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Honouring Ilse Cohn (1897-1941)

from Robin Lustig

A sun-dappled meadow slopes gently down from the hilltop towards the city of Kaunas. The grass is freckled with yellow and purple wild flowers, a peaceful summer scene that belies an unimaginably brutal past.

On 29 November, 1941, my grandmother, Ilse Cohn, was shot here, in this field, by members of the Nazi death squad Einsatzkommando 3, under the command of a Swiss-born SS colonel called Karl Jäger. On that one day alone, they murdered 2,000 Jews who had been deported by train from Vienna and from my grandmother’s hometown of Breslau.

So I have come to honour my grandmother’s memory. My mother was her only child and although Ilse had three brothers, she had no nephews or nieces. My brother and I, and my two children, are her only living relatives.

Kaunas is the second largest city in Lithuania, with a population of more than 300,000. Before the war, its Jewish population numbered around 32,000. Today, there are barely 300 left. In October 1941, the Nazis, who had invaded Lithuania four months earlier, murdered 2,007 Jewish men, 2,920 Jewish women, and 4,273 children from the Kaunas ghetto. By 1944, the rest of the city’s Jews had either been deported to concentration camps or died when the Nazis burnt the ghetto to the ground.

One ghetto street remains, the street that leads from the railway station to the killing fields of the Ninth Fort. This is the street the deportees walked along, on their way to their deaths. An eye-witness at the time recorded: “Two hours ago, there passed in front of our eyes, before the windows of our houses, many thousand Jews from southern Germany and Vienna who were taken with their luggage to Fort IX … There they were killed with extreme cruelty.”

I couldn’t have embarked on this project while my mother was still alive. She didn’t believe in looking back, especially if the past was full of bad memories, and she discovered only 15 years ago exactly how her mother had died. She remembered that as a child, she used to love singing with her mother, and going to concerts together. Her mother loved clothes, and loved going out, always in high heels.

In one of her last letters, written in August 1941, Ilse wrote: “One has to take care of oneself for as long as possible … In my view, my courage to face life will disappear as soon as I no longer look smart and well-groomed.”

I have brought her letters with me. They are carefully written, probably because Ilse feared they would be read by Nazi censors, but also because she may well have wanted to put on as brave a face as she could when writing to her only child.

Even so, the growing sense of desperation is impossible to miss. March 1941: “Unfortunately things are not going the way I had hoped. I have to be extremely patient, but I am not losing courage. I am still hoping that one fine day, we shall all meet again.”

June 1941: “My journey to Uncle Ulle [her brother living in Chicago] seems to be impossible. Everything is upside down at the moment – all the work and all the money that has been spent seems to have been in vain.”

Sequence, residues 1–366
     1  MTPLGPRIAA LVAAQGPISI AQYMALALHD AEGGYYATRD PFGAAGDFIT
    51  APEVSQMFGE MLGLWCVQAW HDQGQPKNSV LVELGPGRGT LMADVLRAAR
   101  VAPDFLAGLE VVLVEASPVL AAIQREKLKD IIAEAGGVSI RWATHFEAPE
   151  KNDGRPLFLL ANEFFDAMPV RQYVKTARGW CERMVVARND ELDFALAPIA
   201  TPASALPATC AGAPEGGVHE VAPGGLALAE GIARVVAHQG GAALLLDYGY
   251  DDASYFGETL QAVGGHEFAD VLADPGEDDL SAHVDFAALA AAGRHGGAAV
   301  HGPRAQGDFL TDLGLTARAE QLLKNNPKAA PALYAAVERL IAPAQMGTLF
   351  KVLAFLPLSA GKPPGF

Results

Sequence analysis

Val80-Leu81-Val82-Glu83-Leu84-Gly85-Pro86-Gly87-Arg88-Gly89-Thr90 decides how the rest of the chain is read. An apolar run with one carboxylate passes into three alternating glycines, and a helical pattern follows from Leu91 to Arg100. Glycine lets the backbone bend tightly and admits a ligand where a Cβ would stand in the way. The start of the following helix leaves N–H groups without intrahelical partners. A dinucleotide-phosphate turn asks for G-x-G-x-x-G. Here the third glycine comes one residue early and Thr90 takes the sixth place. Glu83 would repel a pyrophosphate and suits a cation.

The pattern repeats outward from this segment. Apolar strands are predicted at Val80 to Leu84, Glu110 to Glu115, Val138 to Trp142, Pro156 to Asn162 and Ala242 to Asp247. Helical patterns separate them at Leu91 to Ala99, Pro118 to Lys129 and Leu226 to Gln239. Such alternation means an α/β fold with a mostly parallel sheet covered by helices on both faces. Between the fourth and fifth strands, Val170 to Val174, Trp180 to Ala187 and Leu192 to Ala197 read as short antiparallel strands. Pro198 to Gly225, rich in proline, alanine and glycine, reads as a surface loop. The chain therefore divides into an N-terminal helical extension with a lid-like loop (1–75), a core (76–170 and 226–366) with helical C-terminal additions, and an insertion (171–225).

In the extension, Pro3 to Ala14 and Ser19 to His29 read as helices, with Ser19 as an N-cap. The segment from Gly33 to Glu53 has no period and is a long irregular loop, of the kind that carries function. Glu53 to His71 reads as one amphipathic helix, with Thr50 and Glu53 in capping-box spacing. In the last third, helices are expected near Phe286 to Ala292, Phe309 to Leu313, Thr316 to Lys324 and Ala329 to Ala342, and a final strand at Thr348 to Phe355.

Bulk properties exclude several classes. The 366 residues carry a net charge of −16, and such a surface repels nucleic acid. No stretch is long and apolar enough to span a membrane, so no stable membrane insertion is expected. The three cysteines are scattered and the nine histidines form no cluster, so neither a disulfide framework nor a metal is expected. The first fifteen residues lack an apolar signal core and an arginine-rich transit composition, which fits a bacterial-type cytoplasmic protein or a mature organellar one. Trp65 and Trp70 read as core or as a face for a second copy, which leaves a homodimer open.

And in September 1941, shortly after her 44th birthday: “My mood was below zero. I hope next year I will feel happier.”

My birthday is the same day as my grandmother’s; perhaps that’s why I feel such a strong sense of connection when I see her name and date of birth on the list of the 1,005 Jews from Breslau who were shot at Kaunas.

There is a photograph in the Ninth Fort museum showing Jews from Munich before their deportation to Kaunas, just a few days before my grandmother was deported from Breslau. Many of the women are elegantly dressed, some in fur coats. That’s how I imagine Ilse Cohn, on her way to her death.

Three days after she was shot, SS Colonel Karl Jäger submitted a report to his superiors, listing in meticulous detail the number of Jews he had ordered to be killed each day over the previous six months. That’s how I know so exactly my grandmother’s fate: it’s there, in black and white.

“29.11.41 693 Jewish men, 1,155 Jewish women, 152 Jewish children (evacuated from Vienna and Breslau).” The original document in German can be read here. Karl Jäger managed to escape capture at the end of the war, but was eventually arrested in 1959. He hanged himself while awaiting trial.

Journalists get used to reporting atrocities dispassionately, and on my visit to the Ninth Fort, I slip into my journalist’s coat of armour all too easily. I compose images in the viewfinder of my camera, I record interviews and make notes. But then I stop and force myself to take off the armour. “Ilse,” I say, as I stand at the edge of the killing field, “I was here today. You are not forgotten.”

And on the way back to the car, past the giant Soviet-era memorial to the 30,000 dead, we walk past a small lake with girls swimming and laughing. I am not offended. Life goes on.

(You can hear a piece I recorded at the Ninth Fort by clicking here. There are some photographs here.)

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